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Vol. 27 No. 1
January-February 2005

Conference Call | Reports from recent conferences and symposia 
See also www.iupac.org/symposia

Physical Organic Chemistry

by Guo-Zhen Ji

From 15–20 August 2004, the 17th IUPAC Conference on Physical Organic Chemistry (ICPOC17) was held in Shanghai, China. Approximately 200 participants from 21 countries gathered to present and discuss new findings from the past two years in all aspects of physical organic chemistry. ICPOC17 also emphasized interactions with other fields of science (e.g., mechanistic ideas and studies as driving forces in synthetic chemistry, physical organic chemistry of organized and living systems, and theoretical studies in organic chemistry).

The meeting featured 14 plenary and 17 invited lectures, 41 contributed lectures, and 53 posters. The topics presented at the five-day meeting emphasized the diversity of modern research in physical organic chemistry, with particular emphasis on applying physical-organic-chemistry concepts to biological systems and material sciences. A key topic was biological systems as shown by the following lecture titles:

  • “DNA Charge Transport Chemistry and Biology,” Jacqueline K. Barton, California Institute of Technology, USA
  • “An Alternate View of Enzyme Catalysis,” F. Menger, Emory University, USA
  • “Morphological Chameleons: The Remarkable Aggregation Behavior of Sugar-Based Gemini Amphiphiles,” Jan B.F.N. Engberts, Gronigen, the Netherlands
  • “Efficiency in Intramolecular and Enzymic Catlysis,” Anthony J. Kirby, Cambridge, UK
  • “Why Did Biological Complexity Emerge? Building Bridges Between Chemistry and Biology,” Addy Pross, Ben Gurion University, Israel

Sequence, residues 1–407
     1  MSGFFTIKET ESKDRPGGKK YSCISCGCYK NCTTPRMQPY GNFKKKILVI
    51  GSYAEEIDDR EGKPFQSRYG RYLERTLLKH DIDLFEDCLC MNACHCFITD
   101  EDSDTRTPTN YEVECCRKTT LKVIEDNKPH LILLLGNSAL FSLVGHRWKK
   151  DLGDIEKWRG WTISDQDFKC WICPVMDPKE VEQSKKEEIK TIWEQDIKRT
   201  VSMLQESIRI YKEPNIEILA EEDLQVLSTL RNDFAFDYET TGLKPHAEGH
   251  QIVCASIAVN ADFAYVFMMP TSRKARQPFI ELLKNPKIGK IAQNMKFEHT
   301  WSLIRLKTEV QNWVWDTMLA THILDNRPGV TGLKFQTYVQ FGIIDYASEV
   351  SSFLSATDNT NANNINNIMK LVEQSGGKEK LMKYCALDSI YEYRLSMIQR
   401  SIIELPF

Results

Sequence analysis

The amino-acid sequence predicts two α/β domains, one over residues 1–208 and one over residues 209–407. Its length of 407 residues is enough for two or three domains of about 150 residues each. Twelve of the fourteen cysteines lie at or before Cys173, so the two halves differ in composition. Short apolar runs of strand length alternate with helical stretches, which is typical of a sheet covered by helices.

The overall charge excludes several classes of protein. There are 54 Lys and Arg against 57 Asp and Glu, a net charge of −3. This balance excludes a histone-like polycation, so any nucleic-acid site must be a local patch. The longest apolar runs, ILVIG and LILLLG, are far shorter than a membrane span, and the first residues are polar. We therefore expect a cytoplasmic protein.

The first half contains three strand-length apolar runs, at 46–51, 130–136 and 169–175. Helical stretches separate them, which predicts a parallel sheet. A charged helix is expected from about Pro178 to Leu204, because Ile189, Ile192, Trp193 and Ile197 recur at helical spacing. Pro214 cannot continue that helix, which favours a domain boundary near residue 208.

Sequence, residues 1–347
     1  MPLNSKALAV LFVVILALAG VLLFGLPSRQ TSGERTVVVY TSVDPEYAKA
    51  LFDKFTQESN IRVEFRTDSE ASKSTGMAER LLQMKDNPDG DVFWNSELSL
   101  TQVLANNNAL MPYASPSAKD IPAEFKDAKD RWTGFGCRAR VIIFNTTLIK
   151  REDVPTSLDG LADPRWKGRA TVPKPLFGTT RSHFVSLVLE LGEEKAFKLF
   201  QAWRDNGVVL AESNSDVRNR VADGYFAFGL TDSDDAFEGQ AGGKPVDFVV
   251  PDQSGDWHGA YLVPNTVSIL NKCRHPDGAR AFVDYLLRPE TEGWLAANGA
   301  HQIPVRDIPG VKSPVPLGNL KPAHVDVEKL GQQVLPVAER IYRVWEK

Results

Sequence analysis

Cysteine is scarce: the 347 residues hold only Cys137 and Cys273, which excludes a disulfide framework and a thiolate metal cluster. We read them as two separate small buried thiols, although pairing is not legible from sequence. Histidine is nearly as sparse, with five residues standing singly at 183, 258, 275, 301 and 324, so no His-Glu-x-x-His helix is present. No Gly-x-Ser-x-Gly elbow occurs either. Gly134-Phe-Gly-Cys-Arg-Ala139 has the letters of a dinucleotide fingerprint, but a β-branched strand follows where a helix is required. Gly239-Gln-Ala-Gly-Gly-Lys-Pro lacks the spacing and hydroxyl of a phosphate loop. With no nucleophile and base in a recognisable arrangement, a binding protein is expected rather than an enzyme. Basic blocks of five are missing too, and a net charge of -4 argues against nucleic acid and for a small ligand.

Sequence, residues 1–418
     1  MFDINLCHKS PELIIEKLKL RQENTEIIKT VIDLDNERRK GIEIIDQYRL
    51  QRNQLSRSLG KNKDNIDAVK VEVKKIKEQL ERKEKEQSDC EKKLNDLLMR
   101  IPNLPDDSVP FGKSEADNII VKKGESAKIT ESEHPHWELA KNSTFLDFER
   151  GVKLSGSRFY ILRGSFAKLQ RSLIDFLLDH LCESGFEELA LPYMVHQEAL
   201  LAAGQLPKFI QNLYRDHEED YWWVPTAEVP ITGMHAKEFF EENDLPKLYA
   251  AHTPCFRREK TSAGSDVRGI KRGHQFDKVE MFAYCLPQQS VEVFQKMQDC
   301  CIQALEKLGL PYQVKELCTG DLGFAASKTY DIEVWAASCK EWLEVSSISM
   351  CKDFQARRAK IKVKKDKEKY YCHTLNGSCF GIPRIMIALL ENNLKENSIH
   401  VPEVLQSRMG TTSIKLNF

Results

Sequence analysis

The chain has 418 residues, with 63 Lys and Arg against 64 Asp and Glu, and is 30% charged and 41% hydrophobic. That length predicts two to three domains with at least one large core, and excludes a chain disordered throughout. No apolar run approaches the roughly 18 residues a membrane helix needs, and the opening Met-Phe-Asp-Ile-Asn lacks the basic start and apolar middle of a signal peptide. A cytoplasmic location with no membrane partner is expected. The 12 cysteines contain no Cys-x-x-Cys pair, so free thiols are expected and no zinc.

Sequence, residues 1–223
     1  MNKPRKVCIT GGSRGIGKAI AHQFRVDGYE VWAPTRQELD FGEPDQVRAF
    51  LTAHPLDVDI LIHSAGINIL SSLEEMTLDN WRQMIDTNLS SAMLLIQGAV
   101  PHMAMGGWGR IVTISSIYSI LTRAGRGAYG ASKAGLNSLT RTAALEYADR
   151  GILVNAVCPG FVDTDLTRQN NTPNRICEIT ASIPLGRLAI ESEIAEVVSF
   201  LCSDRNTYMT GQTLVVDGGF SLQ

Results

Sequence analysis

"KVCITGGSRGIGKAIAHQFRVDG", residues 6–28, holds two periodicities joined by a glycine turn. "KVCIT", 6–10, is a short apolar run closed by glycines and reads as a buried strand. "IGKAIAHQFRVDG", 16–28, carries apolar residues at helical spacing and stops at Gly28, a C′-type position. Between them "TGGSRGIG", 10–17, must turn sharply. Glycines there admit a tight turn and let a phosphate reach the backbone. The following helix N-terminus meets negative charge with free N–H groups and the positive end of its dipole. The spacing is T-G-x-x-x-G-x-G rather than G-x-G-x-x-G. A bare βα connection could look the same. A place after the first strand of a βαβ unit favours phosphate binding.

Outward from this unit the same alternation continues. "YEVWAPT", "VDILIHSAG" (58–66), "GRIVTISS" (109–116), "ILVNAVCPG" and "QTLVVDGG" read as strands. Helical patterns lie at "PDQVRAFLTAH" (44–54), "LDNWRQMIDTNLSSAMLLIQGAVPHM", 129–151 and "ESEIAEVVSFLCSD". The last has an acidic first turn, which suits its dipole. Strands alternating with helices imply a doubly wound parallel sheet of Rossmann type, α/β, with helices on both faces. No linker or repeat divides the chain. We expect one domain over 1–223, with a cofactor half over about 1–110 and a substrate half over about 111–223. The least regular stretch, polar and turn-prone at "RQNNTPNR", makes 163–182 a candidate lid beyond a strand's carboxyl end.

• “Bioantioxidants: From Chemistry to Biology,” Zhong-Li Liu, Lanzhou University, China

Another key topic was materials, as reflected in the following lectures:

  • “Advanced Opto-Electronics Materials by Fullerene and Acetylene Scaffolding,” F. Diederich, ETH, Switzerland
  • “Tooling Up for Nanoworld: The ‘Magic’ of Molecular Machines,” Dave Leigh, Edinburgh, UK
  • “Cyclodextrin-Based Catlysis, Molecular Reactors and Machines, and Microelectronic Devices,” C.J. Easton, Australian National University, Australia
  • “Octupolar Molecules for Nonlinear Optics,” Bong Rae Cho, Korea University, Korea

The basic foundation of physical organic chemistry was presented in the following lectures:

  • “The Single Transition State Model Appropriate for the Fundamental Reactions of Organic Chemistry,” V.D. Parker, Utah State University, USA
  • “Cycloproparenyl Anions-from Model to Real Systems,” Mirjana Eckert-Maksic, Rudjer Boskovic Institute, Croatia
  • “Synthetic Porphyrinoid Chemistry,” Atsuhiro Osuka, Kyoto University, Japan
  • “Kinetics of Electrophile-Nuceophile Combinations: A General Approach to Polar Organic Reactivity,” Herbert Mayr, University of München, Germany
This symbol was adopted as the logo of all conferences on physical organic chemistry in China in 1981. It symbolizes the very essence, nature, or conceptual foundation of physical organic chemistry, namely, “detachment and attachment, donor and acceptor.” They are all related to the movement of electrons.

The local organizer also arranged a fantastic social and cultural program for the participants, including a welcome mixer and visits to Hangzhou, Suzhou, and Zhouzhuang (beautiful cities and towns near Shanghai). Shanghai sightseeing and an acrobatic show were also included in this program. Most participants from Western countries had the opportunity to enjoy traditional and ancient Chinese culture, and acquire an understanding of modern developments occurring in China. Yet, delegates who had not been in China recently were amazed at the modern city of Shanghai, which provides an efficient system of public transportation together with modern expressways to accommodate the rapid increase in private automobiles. The city also features modern housing for many of the 17 million inhabitants, much urban greenery, and many parks. However, rapid growth comes with a price and Shanghai is making efforts to ease environmental problems resulting from rapid industrialization and urban growth, and to preserve historic districts in the city.

The 18th Conference is scheduled for Warsaw from 20–25 August in 2006.

Guo-Zhen Ji <jigz@mail.sioc.ac.cn> is a professor at the Shanghai Institute of Organic Chemistry, the Chinese Academy of Sciences. He is a member of the Subcommittee on Structural and Mechanistic Chemistry and was the chair of the local organizing committee for ICPOC-17.


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